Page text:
Walk-ons have, by far, been my most fun, adventurous and largest guerrilla gamble payouts. Why? It is an "impulse aisle" thing, where you get people interested in the heat of the moment. Here is where a parent’s camcorder battery ran out of juice, or the tapes were forgotten on the desk at home, or were eaten by the dog, or something broke, or they simply become so engrossed in the game that they keep forgetting to hit the record button. I’ve even known moms, or dads, to wave their hands so wildly, urging their child on to the goal, that the camcorder gets knocked to the ground. Oops.

This kind of shooting, production and sales is wide open in spite of the fact that some might have already made arrangements for coverage and production by a independent professional video services provider. These people sometimes become lax or lazy, screw up big time at a major event, or simply do not show up as expected. I am there and often it is a “right place, right time” happening.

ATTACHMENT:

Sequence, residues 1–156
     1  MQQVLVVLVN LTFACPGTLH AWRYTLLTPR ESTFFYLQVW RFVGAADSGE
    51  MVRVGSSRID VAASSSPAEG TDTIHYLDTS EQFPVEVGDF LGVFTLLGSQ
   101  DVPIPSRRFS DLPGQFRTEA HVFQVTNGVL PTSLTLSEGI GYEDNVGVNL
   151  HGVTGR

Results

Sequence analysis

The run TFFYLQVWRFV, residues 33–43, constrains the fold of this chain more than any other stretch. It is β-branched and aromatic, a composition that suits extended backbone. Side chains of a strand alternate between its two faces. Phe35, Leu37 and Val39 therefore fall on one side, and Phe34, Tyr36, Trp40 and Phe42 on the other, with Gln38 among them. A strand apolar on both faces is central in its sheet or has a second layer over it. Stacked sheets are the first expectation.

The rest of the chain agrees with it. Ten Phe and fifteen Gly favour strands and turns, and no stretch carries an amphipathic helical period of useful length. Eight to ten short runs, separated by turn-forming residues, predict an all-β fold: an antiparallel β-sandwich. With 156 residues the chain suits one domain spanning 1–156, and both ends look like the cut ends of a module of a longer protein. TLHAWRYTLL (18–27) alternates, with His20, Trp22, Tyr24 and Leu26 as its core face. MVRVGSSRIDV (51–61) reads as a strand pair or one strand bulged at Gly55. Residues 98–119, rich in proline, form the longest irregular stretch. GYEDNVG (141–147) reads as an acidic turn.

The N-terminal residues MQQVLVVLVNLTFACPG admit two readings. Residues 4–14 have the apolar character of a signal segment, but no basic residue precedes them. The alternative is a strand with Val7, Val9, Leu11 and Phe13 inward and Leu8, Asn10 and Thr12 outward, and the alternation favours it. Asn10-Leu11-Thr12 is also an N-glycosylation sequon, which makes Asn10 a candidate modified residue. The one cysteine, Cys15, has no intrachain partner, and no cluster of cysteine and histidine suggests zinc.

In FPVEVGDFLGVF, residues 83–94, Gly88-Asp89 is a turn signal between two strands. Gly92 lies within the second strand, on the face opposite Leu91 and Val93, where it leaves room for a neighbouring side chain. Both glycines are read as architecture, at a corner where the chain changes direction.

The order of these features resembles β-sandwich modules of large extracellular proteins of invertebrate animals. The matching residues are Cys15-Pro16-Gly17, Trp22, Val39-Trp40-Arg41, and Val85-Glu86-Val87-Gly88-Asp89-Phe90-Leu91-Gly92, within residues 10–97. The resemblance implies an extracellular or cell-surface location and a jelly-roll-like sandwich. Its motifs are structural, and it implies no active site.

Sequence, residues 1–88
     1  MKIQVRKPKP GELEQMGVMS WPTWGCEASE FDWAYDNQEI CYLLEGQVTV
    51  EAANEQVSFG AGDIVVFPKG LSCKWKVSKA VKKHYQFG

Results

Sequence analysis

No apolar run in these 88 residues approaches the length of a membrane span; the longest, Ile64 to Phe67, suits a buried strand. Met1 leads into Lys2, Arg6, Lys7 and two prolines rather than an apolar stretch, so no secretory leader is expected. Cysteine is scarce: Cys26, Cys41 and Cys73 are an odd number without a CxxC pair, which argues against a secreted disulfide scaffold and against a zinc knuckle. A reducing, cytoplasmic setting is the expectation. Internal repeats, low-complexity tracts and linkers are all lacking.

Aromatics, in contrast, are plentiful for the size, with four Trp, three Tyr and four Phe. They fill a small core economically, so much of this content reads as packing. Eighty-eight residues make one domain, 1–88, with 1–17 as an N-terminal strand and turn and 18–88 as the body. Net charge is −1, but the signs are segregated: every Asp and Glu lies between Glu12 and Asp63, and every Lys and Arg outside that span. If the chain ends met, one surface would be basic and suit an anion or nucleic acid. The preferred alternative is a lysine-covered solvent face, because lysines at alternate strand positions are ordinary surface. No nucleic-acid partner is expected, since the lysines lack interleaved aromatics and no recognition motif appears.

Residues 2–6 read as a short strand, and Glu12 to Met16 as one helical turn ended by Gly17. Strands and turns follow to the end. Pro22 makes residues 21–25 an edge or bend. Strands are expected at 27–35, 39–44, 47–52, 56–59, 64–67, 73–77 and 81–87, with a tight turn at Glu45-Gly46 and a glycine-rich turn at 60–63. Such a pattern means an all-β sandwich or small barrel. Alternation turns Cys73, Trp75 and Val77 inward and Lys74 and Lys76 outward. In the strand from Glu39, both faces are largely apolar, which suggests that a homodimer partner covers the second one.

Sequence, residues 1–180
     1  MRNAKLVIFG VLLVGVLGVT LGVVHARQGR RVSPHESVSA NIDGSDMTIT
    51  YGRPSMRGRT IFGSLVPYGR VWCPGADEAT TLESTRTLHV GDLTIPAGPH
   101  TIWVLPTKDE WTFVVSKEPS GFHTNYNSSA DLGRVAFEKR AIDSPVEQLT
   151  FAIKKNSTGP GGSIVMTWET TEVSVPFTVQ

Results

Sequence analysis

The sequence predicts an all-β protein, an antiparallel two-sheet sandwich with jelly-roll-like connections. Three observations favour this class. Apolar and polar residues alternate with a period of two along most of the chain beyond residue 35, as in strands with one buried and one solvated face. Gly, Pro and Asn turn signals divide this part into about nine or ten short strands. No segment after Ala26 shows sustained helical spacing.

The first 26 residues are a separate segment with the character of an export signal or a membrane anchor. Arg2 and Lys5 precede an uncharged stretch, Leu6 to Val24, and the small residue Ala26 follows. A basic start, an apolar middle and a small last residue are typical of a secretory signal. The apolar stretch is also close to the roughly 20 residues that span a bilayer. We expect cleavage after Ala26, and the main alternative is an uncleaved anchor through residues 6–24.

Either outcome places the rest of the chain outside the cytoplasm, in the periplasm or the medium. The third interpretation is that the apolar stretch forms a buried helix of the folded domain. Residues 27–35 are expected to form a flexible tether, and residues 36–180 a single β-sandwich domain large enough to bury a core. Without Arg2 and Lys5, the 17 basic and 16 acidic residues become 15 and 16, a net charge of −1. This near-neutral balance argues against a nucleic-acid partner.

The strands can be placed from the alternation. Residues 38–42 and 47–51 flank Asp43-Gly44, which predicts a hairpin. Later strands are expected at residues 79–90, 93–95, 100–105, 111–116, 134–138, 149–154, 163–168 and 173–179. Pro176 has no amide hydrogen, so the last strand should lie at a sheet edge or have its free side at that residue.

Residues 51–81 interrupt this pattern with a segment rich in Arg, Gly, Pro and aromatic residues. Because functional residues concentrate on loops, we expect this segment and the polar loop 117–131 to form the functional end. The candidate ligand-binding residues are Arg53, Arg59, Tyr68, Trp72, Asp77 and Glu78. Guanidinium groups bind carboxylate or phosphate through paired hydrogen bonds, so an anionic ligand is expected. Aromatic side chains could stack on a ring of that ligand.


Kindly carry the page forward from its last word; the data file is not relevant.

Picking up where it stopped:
And, it is not limited to youth/adult sports - baseball, basketball, soccer, football, softball, swim teams, rowing teams, martial arts events, water polo, equestrian events and more. I have had great success covering antique and custom car shows (pre-planned and walk-on); outdoor art and crafts shows; drag racing events - a friend of mine in Arkansas is making quite a specialty in covering outlaw drag racing events in his area, becoming the official videographer for the local group.

I’ve made a killing as walk-on video producer for area skateboard competitions, amateur volleyball tournaments, rock climbing events, and a wide selection of festivals held throughout the year. Area publications often provide advance information of community, sports and other special events being held in the area. Read, make some notes, grab your camera and fill in that unbooked date. You have caught up with your editing backlog, right?